Better Competition

An Albanese Labor Government will give a boost to businesses that play fair, ease the cost of living and help drive down prices for Australian families by tackling anti-competitive behaviour.

Why do we need this?

Better competition means cheaper prices.  

With the costs of living rising faster than your pay, competition and cheaper prices are more important than ever. But under the Liberals, too many businesses and consumers still face rip offs and activity that sabotages honest competition. 

When power companies lie to customers about the reason their charge is going up, or when booking platforms only pretend to show their best deals, it's Australian consumers who pay the price.  

We want to see businesses who provide great service, respect their customers and develop valuable products rewarded.  

But when they’re up against companies that have found ways to boost profits by doing the opposite, good businesses fall behind, new players can’t get a start and customers ultimately pay more and get less choice. 

Labor will ensure that anti-competitive conduct is deterred by putting in place stronger penalties. 

The details

An Albanese Labor Government will strengthen Australia’s competition laws by increasing penalties for anti-competitive behaviour, ensuring the price for misconduct is high enough to deter unfair activity that takes money out of Australian families’ pockets.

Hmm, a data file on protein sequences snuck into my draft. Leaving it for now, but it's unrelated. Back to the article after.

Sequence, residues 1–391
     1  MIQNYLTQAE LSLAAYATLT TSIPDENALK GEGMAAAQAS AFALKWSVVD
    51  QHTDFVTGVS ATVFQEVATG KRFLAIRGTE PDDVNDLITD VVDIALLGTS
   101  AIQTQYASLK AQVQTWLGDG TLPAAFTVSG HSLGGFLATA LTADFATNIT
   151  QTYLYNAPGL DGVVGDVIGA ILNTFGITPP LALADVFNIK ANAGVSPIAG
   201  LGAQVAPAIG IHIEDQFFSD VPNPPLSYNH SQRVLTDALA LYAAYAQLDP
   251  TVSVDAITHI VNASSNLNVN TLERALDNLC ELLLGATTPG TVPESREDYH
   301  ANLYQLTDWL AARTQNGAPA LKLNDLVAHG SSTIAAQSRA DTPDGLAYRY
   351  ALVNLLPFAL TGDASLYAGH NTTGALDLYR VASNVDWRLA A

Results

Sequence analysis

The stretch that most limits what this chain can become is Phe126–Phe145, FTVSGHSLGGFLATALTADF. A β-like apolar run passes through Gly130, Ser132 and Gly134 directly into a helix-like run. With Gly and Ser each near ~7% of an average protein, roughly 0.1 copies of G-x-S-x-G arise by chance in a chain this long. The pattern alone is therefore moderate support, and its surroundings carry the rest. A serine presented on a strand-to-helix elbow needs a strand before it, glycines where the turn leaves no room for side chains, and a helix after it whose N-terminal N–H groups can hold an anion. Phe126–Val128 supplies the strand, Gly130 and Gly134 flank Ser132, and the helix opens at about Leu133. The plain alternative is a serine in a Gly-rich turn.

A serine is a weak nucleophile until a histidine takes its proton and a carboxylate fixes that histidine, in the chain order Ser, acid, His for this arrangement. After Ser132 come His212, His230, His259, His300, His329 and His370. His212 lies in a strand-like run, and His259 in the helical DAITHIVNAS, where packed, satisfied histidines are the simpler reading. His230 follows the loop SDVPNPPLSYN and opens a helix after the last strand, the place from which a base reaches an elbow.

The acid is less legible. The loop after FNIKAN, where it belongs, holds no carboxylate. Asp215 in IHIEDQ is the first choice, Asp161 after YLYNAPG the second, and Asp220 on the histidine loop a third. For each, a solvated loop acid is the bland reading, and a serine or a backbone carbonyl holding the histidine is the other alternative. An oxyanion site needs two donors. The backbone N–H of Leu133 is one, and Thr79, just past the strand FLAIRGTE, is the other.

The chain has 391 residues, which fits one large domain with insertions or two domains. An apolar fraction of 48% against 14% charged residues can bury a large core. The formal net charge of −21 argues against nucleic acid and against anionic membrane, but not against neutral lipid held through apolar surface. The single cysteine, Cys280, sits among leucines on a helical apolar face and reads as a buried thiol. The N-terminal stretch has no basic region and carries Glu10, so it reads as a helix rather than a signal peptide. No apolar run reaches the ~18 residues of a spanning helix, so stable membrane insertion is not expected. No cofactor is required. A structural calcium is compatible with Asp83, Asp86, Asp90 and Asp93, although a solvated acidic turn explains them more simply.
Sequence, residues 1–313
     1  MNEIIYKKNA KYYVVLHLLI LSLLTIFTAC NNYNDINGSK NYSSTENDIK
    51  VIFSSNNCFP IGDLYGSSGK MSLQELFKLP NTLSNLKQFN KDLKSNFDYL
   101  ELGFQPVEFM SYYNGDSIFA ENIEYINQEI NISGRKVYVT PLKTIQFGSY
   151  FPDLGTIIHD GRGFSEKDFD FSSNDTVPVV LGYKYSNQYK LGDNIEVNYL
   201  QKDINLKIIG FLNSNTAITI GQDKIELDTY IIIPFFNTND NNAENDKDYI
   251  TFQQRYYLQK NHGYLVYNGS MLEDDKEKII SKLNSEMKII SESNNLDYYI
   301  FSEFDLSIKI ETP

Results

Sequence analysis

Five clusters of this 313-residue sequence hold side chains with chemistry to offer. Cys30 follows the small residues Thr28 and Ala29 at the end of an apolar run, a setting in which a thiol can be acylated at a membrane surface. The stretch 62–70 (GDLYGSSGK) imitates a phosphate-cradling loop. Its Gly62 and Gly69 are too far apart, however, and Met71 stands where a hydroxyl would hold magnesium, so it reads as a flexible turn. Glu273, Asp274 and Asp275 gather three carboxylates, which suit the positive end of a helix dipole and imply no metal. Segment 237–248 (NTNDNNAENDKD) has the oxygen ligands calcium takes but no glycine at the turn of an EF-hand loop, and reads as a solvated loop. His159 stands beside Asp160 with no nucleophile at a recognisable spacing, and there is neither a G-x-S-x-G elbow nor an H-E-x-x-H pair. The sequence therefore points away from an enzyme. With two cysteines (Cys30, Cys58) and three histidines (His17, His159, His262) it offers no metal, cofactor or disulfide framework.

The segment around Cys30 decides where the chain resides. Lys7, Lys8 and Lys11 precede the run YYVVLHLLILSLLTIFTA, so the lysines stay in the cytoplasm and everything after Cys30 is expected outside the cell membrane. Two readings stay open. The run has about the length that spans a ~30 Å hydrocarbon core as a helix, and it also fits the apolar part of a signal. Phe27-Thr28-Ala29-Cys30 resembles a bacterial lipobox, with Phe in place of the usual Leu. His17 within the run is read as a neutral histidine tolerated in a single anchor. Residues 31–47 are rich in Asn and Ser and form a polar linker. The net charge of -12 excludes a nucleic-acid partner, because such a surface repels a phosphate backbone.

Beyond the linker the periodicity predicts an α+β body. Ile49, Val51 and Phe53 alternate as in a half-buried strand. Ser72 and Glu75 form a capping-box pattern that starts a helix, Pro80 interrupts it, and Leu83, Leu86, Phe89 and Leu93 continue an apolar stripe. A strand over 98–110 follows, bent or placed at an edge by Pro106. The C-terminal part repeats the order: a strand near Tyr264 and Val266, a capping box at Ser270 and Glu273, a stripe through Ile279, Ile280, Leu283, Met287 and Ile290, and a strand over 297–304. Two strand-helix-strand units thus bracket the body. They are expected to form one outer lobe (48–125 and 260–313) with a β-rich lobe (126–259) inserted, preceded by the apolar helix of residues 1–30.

By increasing the maximum fine from $10 million to $50 million, Labor would bring Australia’s penalties closer to international best practice.  

Labor’s changes will not only be good for consumers but will also support the majority of Australian businesses that are playing fair. There’s nothing worse than playing by the rules against a competitor who’s doing the wrong thing because they’re not scared of the penalties. 

Alongside increasing penalties, Labor will move to establish a ‘Super Complaint’ function within the Australian Competition and Consumer Commission.  

This measure will mean trusted consumer groups, such as CHOICE, and business sector advocates will be able to enlist the competition regulator to investigate serious complaints of behaviour that’s hurting Australians. 

This will ensure the competition commission is even more responsive to the needs of Australian consumers and Australian businesses.